The world has changed since Ariel Sharon last visited the White House.
When the Israeli prime minister meets President Bush and other administration officials Monday, his first visit since the Sept. 11 terror attacks on New York and Washington, he will be seeking a better understanding of the changing U.S.-Israeli relationship.
In addition, the visit may test the limits of Sharon’s restraint, coming as it does just after two major Palestinian terror attacks in Israel this week — a bus bombing on Thursday and the machine-gunning of civilians on Tuesday. Sharon learned of Thursday’s attack as he arrived at Ben-Gurion Airport for his flight to the United States, and delayed his departure.
Sharon last visited the United States in June, and his visit comes amid two major international efforts that affect Israel — the U.S.-led war on terror and an enhanced U.S. push for Israeli-Palestinian peace.
Analysts say the visit will be a chance for the Bush administration to reinforce the U.S.-Israel bond — and pressure Israel to do its part.
Sharon will need to reinforce the Israeli commitment to a cease-fire, and he is expected to pledge his commitment to the Mitchell plan, a timeline for resuming peace talks outlined by a commission led by former Sen. George Mitchell last spring.
Israeli officials said Sharon will insist that he will make no concessions on political issues until after Palestinian violence stops and Palestinian Authority President Yasser Arafat follows through on his commitments to halt attacks against Israel.
“I expect a good deal of discussion between the president and the prime minister on the fulfillment of that position, and the steps that can be taken by Israel once the Palestinians fulfil those commitments,” said Jason Isaacson, director of government and international affairs for the American Jewish Committee. “My guess is that there is, at both the private level and public level, a considerable reservoir of understanding for Israel’s situation.”
Sharon is expected to stick to his call for seven days of quiet before the steps outlined in the Mitchell plan begin. The Bush administration originally expressed its understanding for Sharon’s condition, but both the United States and Israel’s own Labor Party now are pressuring Sharon to be more flexible.
Sharon supporters insist that if Arafat can’t ensure even a week without attacks, he can’t be trusted to deliver a lasting peace that entails heavy Israeli concessions.
Since the Sept. 11 attacks, several incidents have suggested a weakening of the U.S.-Israel link. Sharon publicly warned the United States against selling out Israel as the West sold out Czechoslovakia to the Nazis in 1938, concerned that the United States would sacrifice Israeli interests in courting the Arab world for its anti-terror coalition. Bush was outraged by the analogy.
In addition, despite its own strong statements about the need to fight terrorism, the Bush administration has not given Israel the green light it expected against Palestinian terrorism, continuing to criticize Israeli incursions into the West Bank and Israel’s policy of killing leading Palestinian militants.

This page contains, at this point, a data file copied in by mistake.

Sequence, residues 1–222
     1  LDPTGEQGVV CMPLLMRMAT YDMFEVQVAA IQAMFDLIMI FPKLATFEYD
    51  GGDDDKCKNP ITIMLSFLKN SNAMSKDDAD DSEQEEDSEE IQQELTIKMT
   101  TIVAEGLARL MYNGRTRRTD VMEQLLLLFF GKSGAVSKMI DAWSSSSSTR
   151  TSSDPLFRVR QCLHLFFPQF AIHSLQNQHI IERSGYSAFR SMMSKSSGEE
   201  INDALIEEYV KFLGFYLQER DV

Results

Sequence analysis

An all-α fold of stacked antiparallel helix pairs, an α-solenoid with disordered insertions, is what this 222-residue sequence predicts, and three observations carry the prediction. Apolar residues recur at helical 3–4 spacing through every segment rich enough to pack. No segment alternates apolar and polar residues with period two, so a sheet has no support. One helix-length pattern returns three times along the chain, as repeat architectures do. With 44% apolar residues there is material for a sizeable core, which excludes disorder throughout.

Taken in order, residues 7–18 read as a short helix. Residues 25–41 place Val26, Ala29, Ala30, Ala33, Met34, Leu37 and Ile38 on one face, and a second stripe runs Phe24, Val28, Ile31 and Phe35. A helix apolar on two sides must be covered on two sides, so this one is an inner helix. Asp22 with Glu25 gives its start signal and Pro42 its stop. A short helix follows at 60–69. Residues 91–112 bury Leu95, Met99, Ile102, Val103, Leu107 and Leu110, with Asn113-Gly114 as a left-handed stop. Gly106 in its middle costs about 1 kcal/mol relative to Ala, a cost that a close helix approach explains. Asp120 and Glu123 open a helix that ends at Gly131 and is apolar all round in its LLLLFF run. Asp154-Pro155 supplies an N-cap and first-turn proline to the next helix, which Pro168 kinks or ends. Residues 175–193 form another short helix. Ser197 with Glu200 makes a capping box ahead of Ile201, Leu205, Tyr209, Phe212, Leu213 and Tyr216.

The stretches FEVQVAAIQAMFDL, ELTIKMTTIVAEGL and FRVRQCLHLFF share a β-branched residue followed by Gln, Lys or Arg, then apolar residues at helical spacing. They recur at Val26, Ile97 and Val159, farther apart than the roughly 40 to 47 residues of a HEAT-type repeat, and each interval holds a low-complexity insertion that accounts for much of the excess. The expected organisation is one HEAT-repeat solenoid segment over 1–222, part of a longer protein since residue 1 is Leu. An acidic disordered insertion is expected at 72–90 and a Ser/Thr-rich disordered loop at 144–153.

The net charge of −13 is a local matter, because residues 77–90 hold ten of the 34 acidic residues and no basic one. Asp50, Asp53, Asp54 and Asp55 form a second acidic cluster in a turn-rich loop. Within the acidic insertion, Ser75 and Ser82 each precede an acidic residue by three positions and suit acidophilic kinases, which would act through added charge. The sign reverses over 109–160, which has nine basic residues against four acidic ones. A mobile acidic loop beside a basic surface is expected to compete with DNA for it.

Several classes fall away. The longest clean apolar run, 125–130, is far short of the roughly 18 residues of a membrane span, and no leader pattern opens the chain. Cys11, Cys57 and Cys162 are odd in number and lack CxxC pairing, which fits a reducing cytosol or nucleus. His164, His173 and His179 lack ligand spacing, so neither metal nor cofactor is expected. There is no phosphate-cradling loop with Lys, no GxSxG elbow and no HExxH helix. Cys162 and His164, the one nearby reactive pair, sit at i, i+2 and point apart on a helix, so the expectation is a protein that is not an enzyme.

But Sharon’s meetings with Bush and other senior administration officials might be the antidote to weakening relations.
“It will send a reassuring signal,” Isaacson said. “It will be read by Israel’s enemies as a sign that Israel’s alliance with the U.S. is unshaken.”
Sharon will be seeking an understanding of Israel’s role in the U.S.-led campaign against terrorism, and whether the coalition eventually will target Iraq and Iran, both of which Israel regards as serious strategic threats.
Israel has been pleased with recent moves to lump Hamas, Hezbollah and Islamic Jihad together with Al Qaida and other organizations that the United States classifies as terrorists.
Sharon also may raise concerns to U.S. Defense Secretary Donald Rumsfeld about new weapons being sold to Egypt that would increase Egypt’s capacity to attack Israel. The United States is planning to sell Harpoon missiles to Egypt to protect the Suez Canal, but Israel wants assurances that the sales will not undermine Israel’s military edge, which it considers essential in deterring Arab adventurism..
Sharon will begin his trip in New York, where he will tour the wreckage of the World Trade Center with Mayor Rudy Giuliani and Mayor-elect Michael Bloomberg. He also will meet with former Secretary of State Henry Kissinger.
In Washington, Sharon will hold private meetings with Rumsfeld, Secretary of State Colin Powell and National Security Adviser Condoleezza Rice. The prime minister also will meet with congressional leaders — including Jewish members of Congress — and leaders of the American Jewish community.
The Archive of the Jewish Telegraphic Agency includes articles published from 1923 to 2008. Archive stories reflect the journalistic standards and practices of the time they were published.